My mum died eighteen months ago. She was the centre of my children’s universe. They adored her. And she them. Perhaps that was the reason she was never able to be honest with them when she was dying.
Instead, she chose to pretend that everything would be fine. She promised my daughter she’d be around until she turned ten. That she’d take her to Disneyland like they’d always talked about, and things would be fine. So when they weren’t fine, when she went and died, it left a pretty pissed off seven-year-old who decided her Nanna had lied to her.
In Mum’s well-meaning attempts at protecting my child from the ugliness of death, all she’d done was give her false hope. And false hope might be fine for the person dying because it means they don’t have to have that horrible conversation, but it leaves a hell of a mess afterwards.
When Mum was moved into a palliative care ward, forcing all of us to stop pretending all would be fine, she decided it would be better for my children not to see her in hospital. She told me she didn’t want them going through the pain of seeing her so sick. I’m not sure that it was actually about them. Maybe she thought it was, but I think it was actually just too painful for her to see two people she loved so much, knowing she wouldn’t see them for much longer.
It meant though that they went from seeing her well enough to be walking and talking and laughing with them at home, to being days away from death. And the only reason they saw her at all in hospital towards the end was because I ignored her wishes and took them in. They knew they were saying goodbye and she was furious with me. I’ll never forget that steely glare she shot me, when she saw them in the doorway with all the crafted presents they’d made. I know it hurt her to see them that last time. My daughter sporting a new, very short haircut, and my son grabbing her hands. But for them, had they not at least seen her just that once, as sick as she was, they may never have understood her death. As it was, they were sort of robbed of the privilege of witnessing the stages of death where you adjust to seeing someone growing sicker. And that’s pretty hard to get your head around when you’re just a kid.
My daughter still grapples with the idea that she was shut out. She doesn’t understand why she wasn’t allowed to sit by her Nanna’s bed day after day like I did. She feels like her Nanna didn’t want her anymore. Surely this is a failure, not of love or death, but of our complete inability as a culture to understand the process of death and to make it accessible to our children, no matter what age.
Watching my daughter grieve was one thing. That’s normal after someone dies. But watching her struggle to understand why Nanna had cut her off to protect her was something different altogether. The intricacies of those decisions are so adult and so difficult to explain to a child. When a child is sick the only people they want around them are the people they love, so it can’t possibly make sense to them that someone they love so much wouldn’t want them near.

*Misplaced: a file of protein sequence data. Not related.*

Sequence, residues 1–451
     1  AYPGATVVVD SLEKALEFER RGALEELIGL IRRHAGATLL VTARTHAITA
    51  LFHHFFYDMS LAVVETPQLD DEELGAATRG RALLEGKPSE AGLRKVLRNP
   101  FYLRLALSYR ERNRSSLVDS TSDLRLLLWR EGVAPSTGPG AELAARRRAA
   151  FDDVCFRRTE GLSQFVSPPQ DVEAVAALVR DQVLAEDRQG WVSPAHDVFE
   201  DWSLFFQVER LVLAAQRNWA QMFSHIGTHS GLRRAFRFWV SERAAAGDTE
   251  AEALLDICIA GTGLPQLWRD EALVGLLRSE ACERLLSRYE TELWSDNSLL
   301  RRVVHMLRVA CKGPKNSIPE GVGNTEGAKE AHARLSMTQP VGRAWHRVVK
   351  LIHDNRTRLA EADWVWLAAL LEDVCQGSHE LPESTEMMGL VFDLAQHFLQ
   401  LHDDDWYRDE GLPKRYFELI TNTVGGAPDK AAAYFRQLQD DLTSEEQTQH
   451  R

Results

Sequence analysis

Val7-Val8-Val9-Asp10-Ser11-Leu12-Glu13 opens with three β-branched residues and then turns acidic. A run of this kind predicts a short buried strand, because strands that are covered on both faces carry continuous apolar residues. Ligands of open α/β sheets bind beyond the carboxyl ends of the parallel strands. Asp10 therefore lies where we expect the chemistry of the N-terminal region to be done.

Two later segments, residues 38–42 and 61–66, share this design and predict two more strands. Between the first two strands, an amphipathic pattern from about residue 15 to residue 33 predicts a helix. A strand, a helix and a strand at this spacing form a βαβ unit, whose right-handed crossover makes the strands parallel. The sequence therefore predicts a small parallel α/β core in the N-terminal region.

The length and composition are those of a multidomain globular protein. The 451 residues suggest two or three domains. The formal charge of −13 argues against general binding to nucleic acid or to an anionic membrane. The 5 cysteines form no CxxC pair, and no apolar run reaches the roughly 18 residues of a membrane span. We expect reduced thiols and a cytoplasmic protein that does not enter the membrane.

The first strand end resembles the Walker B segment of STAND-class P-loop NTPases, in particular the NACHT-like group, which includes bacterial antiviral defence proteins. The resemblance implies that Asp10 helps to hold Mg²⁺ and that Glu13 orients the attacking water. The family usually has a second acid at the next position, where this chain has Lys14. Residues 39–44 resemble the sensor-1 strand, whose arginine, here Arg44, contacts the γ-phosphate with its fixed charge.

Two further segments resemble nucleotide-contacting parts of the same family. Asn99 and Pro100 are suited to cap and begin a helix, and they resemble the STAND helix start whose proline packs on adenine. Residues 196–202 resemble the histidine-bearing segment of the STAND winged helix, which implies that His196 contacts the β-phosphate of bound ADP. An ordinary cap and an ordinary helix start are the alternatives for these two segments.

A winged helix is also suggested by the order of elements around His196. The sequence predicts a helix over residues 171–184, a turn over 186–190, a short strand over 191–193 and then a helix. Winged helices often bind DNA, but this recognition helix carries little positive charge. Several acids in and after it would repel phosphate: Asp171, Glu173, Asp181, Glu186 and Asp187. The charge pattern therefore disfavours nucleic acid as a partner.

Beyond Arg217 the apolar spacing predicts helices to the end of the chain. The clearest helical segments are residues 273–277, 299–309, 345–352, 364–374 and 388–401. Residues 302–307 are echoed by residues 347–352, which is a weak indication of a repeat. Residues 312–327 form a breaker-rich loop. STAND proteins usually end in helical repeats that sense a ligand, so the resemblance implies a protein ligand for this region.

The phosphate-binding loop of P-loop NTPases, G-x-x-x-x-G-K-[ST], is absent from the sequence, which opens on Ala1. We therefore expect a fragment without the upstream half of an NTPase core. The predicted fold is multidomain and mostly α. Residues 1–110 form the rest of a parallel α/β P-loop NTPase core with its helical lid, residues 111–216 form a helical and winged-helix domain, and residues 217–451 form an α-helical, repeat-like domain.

At my son’s kindergarten recently one of the chickens in the hatching box died. Instead of whisking it away before any of the children saw its dead body, the teachers decided to leave it there. They involved the kids (all of them four or five years-old) in making death boxes, or coffins. Then they had a ceremony in the garden under the climbing tree. A couple of children wrote things on a little cross and poked it into the ground. Others scattered petals from their favourite flowers. And at the end of the session, when they would usually come together for a book, their teacher showed them a story about the cycle of life. And they talked about death. One little girl explained that everything has to die because we would be too crowded otherwise. Another explained that even books die because the paper gets so old it crumples and falls apart. Another talked very earnestly about how babies can sometimes die, especially if they swallow batteries. And my son talked about being alive and that he too would die one day. Just like Nanna. It was just another conversation to be had. Nothing more. Nothing less. They weren’t embarrassed. Or shy. Or upset. They were just talking.
While I listened, tears in my eyes at their pragmatic and sweet responses, their usual battles to be heard, their hands sticking up urgently as they waited to speak, I was amazed at how articulate they were. How beautifully they expressed what they thought about death. How comfortable they were talking about it. And how much wiser and more insightful than adults they sounded.